Money Mark (born Mark Ramos-Nishita) started his music profession performing with rap artists The Beastie Boys and folk-pop artists like Yoko Ono and Beck. In his second decade as a musician and songwriter, Mark has become in touch with his bluesy side and cool jazz liking which has culminated into his latest release Brand New By Tomorrow on Jack Johnson’s label Brushfire Records. His album is suffused with jazz prisms and blues tabs in the piano segments and bass riffs exuding a John Mayer gentleness. The folk text of the guitar schemes dissolves into the mellow drum lolls and draft mild surfs through the melodic coves. His new solo album has a great deal in common with Jane Monheit and Julia Fordham, more so than ever before.
Setting the subdued bluesy mood is "Color Of Your Blues" which distills flaccid instrument motions with intermittent pauses permeating the folds of the melody. Angelic string arrangements contrast the heavy bass weights and upbeat tambourines on "Pick Up The Pieces." The folk-jazz organ infusions harmonize with the cool jazz drumbeats on "Summer Blue" as the vocal reverb on the chorus provides an echoing effect. The bluesy piano channels on tracks like "Pretend To Sleep" and "My Loss Your Gain" create warm, cozy chambers shoaled by subtle rhythmic mounds.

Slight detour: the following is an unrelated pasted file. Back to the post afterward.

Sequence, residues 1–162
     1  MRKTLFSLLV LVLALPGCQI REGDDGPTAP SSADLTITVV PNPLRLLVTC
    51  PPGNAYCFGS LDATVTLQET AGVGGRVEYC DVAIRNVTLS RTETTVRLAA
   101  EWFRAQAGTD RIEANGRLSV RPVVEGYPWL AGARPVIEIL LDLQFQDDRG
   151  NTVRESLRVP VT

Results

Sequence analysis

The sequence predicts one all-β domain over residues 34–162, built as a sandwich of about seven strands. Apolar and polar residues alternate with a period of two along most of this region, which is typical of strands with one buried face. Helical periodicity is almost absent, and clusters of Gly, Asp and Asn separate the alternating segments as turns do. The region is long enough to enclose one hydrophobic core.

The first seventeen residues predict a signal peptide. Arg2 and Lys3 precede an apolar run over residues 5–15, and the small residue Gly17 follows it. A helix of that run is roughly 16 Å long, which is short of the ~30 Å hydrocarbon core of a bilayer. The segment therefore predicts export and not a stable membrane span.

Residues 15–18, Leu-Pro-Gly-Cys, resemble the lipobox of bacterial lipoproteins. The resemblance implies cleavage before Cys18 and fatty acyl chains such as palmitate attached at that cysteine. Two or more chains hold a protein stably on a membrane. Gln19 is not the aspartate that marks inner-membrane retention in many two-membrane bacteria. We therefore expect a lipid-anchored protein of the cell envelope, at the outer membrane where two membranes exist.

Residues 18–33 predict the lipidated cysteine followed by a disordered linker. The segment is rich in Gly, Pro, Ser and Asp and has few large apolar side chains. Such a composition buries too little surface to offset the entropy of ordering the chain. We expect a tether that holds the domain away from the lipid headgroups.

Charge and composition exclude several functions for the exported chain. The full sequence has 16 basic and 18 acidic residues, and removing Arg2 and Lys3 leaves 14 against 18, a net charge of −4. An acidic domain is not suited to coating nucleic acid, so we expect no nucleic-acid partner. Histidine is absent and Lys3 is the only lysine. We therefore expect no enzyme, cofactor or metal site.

The tuneful guitar arpeggios on "Everyday I Die A Little" straddle glistening jazz toned keys and bluesy rhythmic loops. The Latin-jazz ambits on "Radiate Nothing" and the bossa nova rhythms on "Nice To Me" add colorful accents to the melodic measures of folk-jazz movements. The smooth jazz keyboards for "Black Butterfly" have a Norah Jones leisurely drift and propagate one of the highlights on the album. G. Love provides jubilant harmonica phrases on "Nice To Me" and Seth Swerling whips up some exalting French horn verses boasting through "Eyes That Ring" as a spray of percussive shakers canal the languid string and keyboard passages. Money Mark saved the title track for last propping a bluesy piano melody with extensions of thoughtful guitar musings and tender rhythms softly swinging.
Produced by Mario Caldato and Money Mark, Brand New By Tomorrow shows off Mark’s blues-pop extrapolations and folk-jazz intonations which culminate into tranquilizing ambiances. His songs are comfortable in their skin. The melodies are sparsely coated and the embellishments of synth effects are conservatively administered. The music is sophisticated and summons consonance in the instrument mergers while maintaining a calming frequency. Folk-jazz is Money Mark’s destiny. He will be performing at Noise Pop, SXSW music festival, and others for 2007.